Sixth Street in downtown Austin, Texas, is one of the city's premiere live music districts. Guitar-shaped Christmas decorations hang on light poles, and the street is alive with bands and bars. Tonight you can hear Austin Heat at the Thirsty Nickel, Mike Milligan and the Altar Boys at Maggie Mae's, or you could catch Misbehavin' at the Dizzy Rooster.
Daniel Davis, a tall, thin birch tree of a man, is willing to eat almost anything. Indeed, cooking and eating are two unadulterated pleasures in Dan's life. But he recently revealed to me, his wife, that there is one dish that, as a kid, he actually feared as Christmas drew near: ambrosia salad.
Willa Booker, 53, has been out of work for more than two years. A former medical records administrator in Chicago, Booker says she just wants someone to give her a chance.
Credit Cheryl Corley / NPR
Jonathan Gandy worked as a project coordinator for an insurance company and then as a computer consultant for a nonprofit through Americorps. He's been searching for a full-time job for a year and a half.
Originally published on Fri December 23, 2011 10:32 am
Although the U.S. gained more than 120,000 jobs last month, the numbers of long-term unemployed barely shifted, and unemployment rates for African-Americans continued to go through the roof.
A recent NPR and Kaiser Family Foundation poll shows that although the long-term unemployed face many of the same difficulties regardless of race, there are distinct differences between blacks and whites struggling to find work.
After the fall of the Taliban, Abdul Wahkeel was the first potter to return to the Afghan village of Istalif.
Istalif had been home to generations of potters who crafted teapots, dishes and pots that glow a jewel-like blue. But Wahkeel and other villagers left after the Taliban torched workshops, smashed pottery and — it was said — killed birds in their cages.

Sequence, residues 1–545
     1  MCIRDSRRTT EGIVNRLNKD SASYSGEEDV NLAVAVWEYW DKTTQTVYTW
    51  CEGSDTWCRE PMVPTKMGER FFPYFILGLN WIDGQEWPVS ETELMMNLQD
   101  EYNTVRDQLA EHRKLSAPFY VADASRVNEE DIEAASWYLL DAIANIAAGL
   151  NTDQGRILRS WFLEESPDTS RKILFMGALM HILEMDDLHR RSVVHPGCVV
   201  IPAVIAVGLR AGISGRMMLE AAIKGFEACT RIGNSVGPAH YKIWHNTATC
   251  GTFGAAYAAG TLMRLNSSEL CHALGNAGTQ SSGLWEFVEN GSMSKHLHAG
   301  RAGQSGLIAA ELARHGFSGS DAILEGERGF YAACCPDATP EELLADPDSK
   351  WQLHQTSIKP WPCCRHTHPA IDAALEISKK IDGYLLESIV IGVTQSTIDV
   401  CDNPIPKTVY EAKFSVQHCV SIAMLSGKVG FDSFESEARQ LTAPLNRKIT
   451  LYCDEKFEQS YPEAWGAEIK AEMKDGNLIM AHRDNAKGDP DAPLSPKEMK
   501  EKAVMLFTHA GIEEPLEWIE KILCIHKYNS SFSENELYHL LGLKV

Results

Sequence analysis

When NPR's Renee Montagne first arrived in Istalif in 2002, she heard Wahkeel's story as he was centering clay on his potter's wheel.
"It is two months now that I have returned back to my home," he told her.
Texas Congressman Ron Paul is anything but an establishment GOP candidate. Yet, he is at the top of the polls in Iowa, largely because his message appeals to more than just the typical Republican caucus-goer. That was made clear when he met John McCarthy and Michelle Godez-Schilling, both of whom attended a campaign stop in Dubuque, Iowa.
"I would like to say I'm an independent, and for the first time in my life I'm affiliated with one of the two major parties because of you," McCarthy told Paul.
Everybody loved Cora Lee Collins — known to all, including her children, as Sug.
"Oh, I called her Mama, too, but I called her Sug," her daughter, Penelope Simmons, tells her own daughter, Suzanne Wayne. "When she was a little kid, she would climb up on the kitchen table and eat sugar out of the sugar bowl, and so they started calling her Sugar."
Simmons grew up in Lake Charles, La., with two brothers, Otis and Jamie. "Sug loved us, but she was nowhere near a hovering mother. I mean, we did run wild."